Jesse Hartman won the support of the Community Board 3 committee that considers applications for liquor licenses. But he has a few more hurdles to clear before he can proceed with his plans for “Grand Park,” the restaurant he wants to open in the old “Isabella’s Oven” location on Grand Street. According to Frank Durant, Seward Park Co-op general manager, two restaurants are in the running for the location. The Co-op, which owns the space, is in negotiations with both businesses.
Meanwhile, Hartman has posted on his new web site some preliminary drawings of the backyard enclosure he wants to construct for Grand Park. They’re just a first draft – lots of design and cost issues need to be worked out, so there could be major changes. Here’s a look:
A month after he withdrew his application due to concerns about late night noise, Jesse Hartman won the approval of a Community Board 3 committee tonight for a new restaurant at 365 Grand Street. The committee signaled its support for a full liquor license for "Grand Park," a small plates Italian restaurant that will feature a glass enclosed patio. Last month three or four residents spoke out against the project, fearing that the noise from the patio would reverberate up to their apartments in the Seward Park Co-op. But since then, Hartman has been building support in the community and he had an architect draw up plans for a sound-proofed enclosure. About 10 supporters showed up tonight, including the moderators of two neighborhood message boards and the owner of another restaurant a short distance away on Grand Street, Roots & Vines. The supporters told the committee they welcomed the addition of a good restaurant that will breath some life into a part of the street that's all but deserted after dusk. There was no opposition to the restaurant whatsoever, although committee members did express small reservations about a nearby school. The resolution they passed requires Hartman to close his windows after 10pm.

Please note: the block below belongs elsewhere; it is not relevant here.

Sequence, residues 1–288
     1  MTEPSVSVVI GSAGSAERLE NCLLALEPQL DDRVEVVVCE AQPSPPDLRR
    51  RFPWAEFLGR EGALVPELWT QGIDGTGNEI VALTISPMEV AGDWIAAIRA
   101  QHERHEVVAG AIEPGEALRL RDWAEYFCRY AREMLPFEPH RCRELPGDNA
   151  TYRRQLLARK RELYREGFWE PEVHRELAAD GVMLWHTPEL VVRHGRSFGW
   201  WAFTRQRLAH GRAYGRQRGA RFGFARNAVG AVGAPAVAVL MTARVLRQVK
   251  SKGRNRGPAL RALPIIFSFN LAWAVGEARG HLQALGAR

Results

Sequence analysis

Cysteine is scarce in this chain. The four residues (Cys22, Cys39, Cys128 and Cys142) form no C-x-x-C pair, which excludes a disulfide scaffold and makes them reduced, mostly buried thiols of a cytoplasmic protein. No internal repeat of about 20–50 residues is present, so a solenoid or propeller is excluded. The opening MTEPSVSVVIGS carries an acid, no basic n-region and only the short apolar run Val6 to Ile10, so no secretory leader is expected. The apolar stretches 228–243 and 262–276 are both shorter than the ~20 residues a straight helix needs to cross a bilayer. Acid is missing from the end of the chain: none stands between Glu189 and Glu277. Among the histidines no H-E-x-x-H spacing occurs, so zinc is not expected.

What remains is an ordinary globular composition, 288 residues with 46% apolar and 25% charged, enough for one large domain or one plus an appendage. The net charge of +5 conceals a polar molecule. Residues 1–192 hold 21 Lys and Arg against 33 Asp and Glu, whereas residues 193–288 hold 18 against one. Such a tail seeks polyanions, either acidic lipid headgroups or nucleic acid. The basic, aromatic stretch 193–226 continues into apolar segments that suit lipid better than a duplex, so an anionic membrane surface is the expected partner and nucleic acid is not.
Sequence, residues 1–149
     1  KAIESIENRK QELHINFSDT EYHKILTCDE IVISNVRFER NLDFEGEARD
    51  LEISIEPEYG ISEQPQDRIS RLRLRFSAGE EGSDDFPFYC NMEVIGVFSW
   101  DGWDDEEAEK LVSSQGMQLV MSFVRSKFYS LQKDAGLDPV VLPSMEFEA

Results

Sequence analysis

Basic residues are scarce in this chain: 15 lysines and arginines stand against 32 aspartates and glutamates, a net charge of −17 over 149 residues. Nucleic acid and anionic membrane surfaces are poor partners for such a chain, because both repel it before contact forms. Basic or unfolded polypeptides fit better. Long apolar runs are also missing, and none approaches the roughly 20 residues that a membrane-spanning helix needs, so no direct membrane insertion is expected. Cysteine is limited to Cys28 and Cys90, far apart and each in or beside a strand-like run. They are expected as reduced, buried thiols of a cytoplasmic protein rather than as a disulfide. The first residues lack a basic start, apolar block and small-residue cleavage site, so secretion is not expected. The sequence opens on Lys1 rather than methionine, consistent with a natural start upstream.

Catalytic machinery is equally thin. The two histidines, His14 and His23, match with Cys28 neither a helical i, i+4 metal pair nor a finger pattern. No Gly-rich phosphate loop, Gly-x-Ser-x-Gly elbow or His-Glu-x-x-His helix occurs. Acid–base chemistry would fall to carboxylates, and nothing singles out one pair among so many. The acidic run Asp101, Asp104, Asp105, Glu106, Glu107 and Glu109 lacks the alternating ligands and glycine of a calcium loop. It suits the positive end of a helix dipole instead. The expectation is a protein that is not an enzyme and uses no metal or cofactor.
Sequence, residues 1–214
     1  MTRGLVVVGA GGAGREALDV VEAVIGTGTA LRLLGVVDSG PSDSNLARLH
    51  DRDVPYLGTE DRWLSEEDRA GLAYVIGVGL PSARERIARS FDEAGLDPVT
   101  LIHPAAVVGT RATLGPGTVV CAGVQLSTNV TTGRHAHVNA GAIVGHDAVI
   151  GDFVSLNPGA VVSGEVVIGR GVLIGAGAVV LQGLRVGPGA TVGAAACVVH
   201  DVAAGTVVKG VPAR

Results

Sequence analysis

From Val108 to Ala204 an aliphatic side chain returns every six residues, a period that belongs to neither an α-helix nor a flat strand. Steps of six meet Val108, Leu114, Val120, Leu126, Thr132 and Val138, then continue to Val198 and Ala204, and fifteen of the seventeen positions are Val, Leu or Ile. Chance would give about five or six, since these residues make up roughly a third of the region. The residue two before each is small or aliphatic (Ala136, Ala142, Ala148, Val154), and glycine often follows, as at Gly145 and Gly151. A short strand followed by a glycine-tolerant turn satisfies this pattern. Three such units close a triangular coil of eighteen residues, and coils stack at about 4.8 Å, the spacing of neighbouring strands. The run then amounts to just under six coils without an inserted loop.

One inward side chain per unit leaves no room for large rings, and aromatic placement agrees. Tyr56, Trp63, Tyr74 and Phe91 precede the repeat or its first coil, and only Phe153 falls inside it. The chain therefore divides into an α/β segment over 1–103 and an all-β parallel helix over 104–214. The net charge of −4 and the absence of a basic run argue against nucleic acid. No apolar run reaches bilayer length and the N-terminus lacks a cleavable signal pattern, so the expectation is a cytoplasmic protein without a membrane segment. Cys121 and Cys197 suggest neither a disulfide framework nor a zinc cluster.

Also tonight, the committee rejected a request from the highly rated Clinton Street restaurant Falai for a full liquor license. The owner of Falai said it was necessary to upgrade from a license that permits the sale of wine only due to the tough economic climate. But Alexandra Militano, chair of the committee, insisted on upholding the community board's resolution severely restricting new liquor licenses in an area of the LES over-saturated with bars and restaurants.
And then there was the continuing saga surrounding the unfinished shell at 179 Ludlow, which, the owners promise, will one day be a boutique hotel. They went before the committee for a third time, pleading their case for a liquor license for a hypothetical restaurant in the, so far, hypothetical hotel. Militano and District Manager Susan Stetzer reminded them about the building's sordid past – a rat infestation, building code violations, etc. – and sent them packing.
We'll have more on all of this tomorrow.
This evening, Jesse Hartman will return to the Community Board 3 committee that reviews liquor licenses, hoping the second time will be a charm. Last month, he withdrew his request for a liquor license for a proposed restaurant at 365 Grand Street, due to opposition from several LES residents. The concerns centered around the potential for noise coming from the restaurant's backyard, which is in the shadow of the Seward Park Co-op. There were also reservations about the proposed closing time (4am) but Hartman has expressed a willingness to compromise on that issue.